When it was founded in 1972, no one would have guessed that the ‘Frozen Zoo’, the largest animal cryobank in the world located at the San Diego Zoo in California, would serve a purpose, but as science became more complex, the important uses for the zoo were uncovered; the cells in the tissues that were stored in the zoo could be transformed into stem cells that could be used to save species, the cells could be cloned, and the cells could even help law enforcement!
One of the purposes the Frozen Zoo serves is that scientists can use the stem cells created from the cells and tissues to build any type of specialized cell to replace damaged or diseased cells, including brain cells, muscle cells, and nerve cells. An example is that scientists have used this special type of cell to form two much-needed northern white rhinoceros eggs, in hopes to save the critically endangered species close to demise.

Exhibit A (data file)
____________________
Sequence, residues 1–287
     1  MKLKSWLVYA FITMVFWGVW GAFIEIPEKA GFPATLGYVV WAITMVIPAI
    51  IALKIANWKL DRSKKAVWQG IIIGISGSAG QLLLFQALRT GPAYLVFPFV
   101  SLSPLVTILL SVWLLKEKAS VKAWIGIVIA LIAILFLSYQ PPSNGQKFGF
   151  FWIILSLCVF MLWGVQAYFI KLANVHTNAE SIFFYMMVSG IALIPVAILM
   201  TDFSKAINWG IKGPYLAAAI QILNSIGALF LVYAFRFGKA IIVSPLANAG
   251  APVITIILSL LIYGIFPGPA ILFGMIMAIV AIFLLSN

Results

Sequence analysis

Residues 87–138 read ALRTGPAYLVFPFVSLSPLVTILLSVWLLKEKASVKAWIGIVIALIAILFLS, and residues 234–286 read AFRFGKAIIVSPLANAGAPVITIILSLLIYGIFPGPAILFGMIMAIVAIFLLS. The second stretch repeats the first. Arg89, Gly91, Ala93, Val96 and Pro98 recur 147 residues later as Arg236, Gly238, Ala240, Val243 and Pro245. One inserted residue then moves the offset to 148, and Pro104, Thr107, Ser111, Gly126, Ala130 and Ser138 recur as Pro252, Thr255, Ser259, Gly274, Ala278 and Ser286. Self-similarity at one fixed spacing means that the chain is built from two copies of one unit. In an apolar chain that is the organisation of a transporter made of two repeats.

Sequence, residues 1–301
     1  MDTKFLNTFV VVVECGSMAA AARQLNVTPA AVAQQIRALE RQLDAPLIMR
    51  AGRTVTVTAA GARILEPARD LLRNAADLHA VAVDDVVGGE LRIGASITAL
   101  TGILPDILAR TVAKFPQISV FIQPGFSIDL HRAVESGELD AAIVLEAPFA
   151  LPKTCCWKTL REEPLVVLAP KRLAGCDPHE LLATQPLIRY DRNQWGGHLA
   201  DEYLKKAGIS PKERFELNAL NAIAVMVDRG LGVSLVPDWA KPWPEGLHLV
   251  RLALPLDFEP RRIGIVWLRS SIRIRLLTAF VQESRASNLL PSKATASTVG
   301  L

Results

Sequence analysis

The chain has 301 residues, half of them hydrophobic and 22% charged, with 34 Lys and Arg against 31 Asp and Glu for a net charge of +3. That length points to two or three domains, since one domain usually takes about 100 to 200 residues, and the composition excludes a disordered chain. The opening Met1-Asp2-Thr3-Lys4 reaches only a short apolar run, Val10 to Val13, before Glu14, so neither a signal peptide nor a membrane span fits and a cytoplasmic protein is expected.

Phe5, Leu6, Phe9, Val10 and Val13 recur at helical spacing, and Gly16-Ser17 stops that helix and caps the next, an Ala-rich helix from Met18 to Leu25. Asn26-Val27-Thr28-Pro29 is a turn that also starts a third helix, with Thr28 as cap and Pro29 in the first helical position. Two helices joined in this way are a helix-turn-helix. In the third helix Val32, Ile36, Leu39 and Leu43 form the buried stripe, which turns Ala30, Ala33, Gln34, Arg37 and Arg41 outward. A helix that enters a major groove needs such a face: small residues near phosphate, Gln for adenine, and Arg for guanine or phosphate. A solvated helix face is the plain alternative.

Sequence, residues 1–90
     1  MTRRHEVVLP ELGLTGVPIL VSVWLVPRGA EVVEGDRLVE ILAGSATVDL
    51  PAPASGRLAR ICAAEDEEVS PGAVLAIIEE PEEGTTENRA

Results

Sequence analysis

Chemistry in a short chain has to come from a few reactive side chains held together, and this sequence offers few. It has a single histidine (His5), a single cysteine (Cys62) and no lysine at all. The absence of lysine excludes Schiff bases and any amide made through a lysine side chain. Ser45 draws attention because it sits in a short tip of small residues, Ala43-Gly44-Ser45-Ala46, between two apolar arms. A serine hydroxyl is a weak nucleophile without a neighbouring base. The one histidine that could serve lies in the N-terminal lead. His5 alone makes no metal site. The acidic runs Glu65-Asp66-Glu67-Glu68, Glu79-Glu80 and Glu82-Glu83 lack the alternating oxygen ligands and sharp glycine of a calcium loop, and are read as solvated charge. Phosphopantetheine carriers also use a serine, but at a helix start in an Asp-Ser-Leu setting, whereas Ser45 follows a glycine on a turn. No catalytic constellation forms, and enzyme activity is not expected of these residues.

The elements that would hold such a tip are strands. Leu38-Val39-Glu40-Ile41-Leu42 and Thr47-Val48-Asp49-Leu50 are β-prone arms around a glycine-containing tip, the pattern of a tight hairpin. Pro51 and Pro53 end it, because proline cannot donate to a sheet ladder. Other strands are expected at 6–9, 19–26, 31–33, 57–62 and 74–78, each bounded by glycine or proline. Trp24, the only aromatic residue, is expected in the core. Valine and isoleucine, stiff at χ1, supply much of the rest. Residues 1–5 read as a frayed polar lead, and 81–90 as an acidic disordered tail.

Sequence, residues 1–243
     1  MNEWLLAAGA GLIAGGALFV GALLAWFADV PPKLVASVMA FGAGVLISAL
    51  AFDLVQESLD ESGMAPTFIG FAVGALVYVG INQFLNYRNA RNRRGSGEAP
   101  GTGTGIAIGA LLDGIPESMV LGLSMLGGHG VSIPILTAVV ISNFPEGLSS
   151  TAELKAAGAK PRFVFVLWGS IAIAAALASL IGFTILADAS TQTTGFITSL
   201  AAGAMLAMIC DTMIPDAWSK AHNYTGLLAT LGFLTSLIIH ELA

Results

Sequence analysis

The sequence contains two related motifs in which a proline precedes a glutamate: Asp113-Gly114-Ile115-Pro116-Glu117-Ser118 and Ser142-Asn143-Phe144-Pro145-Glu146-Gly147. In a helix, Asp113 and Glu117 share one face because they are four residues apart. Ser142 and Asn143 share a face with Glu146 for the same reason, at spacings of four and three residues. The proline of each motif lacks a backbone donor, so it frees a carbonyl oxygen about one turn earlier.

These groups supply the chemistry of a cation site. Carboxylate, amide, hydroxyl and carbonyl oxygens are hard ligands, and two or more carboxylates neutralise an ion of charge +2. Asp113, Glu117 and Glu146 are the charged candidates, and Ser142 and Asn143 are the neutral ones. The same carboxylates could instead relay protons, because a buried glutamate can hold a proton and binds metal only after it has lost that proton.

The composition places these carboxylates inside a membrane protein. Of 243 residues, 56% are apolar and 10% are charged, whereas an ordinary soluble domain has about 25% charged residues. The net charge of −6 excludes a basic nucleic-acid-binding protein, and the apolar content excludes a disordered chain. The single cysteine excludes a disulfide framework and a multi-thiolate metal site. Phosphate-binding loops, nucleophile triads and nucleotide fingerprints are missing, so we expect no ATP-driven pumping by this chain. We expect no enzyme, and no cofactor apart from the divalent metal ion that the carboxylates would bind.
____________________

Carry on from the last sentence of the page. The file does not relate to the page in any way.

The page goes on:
Another use for all the tissues and cells that the zoo stores is cloningthe act of making exact genetic copies of a cell or organism including ongoing experiments with two endangered cattle and a new generation of pheasants. This ability could be used to save endangered species on the cusp of extinction by cloning them.
Yet another way these cells have a purpose is to help law enforcement, providing a new way to identify primates and other animals that people hunt, trade, or smuggle illegally.
The Frozen Zoo at first had no significant purpose for storing the animal tissues and cells at first, but as time went on and science grew more developed, the zoo found an important purpose in the preservation of these cells, even able to create an animal out of the cells, therefore able to assist animal species on the brink of extinction. An important purpose for a zoo that started with none.